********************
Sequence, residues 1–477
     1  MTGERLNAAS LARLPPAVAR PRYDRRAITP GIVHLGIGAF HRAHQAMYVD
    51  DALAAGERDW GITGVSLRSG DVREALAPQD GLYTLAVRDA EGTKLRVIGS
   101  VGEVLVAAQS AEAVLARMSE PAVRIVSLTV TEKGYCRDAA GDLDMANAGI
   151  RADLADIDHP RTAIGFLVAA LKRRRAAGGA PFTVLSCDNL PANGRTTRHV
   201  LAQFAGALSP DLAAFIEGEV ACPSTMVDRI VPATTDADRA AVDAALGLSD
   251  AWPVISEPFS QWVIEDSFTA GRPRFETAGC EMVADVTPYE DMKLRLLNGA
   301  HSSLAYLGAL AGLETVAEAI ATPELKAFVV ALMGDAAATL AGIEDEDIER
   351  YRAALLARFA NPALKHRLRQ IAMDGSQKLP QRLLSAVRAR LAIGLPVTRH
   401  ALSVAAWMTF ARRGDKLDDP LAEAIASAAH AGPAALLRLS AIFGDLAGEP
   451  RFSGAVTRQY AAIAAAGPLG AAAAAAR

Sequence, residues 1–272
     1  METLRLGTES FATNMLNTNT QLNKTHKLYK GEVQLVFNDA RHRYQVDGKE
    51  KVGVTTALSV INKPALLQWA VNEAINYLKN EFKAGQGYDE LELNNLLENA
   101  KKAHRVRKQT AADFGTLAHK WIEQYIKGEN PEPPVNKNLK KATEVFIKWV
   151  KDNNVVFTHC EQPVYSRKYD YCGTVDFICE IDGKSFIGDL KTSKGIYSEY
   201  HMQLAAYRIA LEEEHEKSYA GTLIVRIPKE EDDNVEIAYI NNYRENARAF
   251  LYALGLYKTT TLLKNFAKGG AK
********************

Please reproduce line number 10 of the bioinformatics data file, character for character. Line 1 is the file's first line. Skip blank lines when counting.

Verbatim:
   401  ALSVAAWMTF ARRGDKLDDP LAEAIASAAH AGPAALLRLS AIFGDLAGEP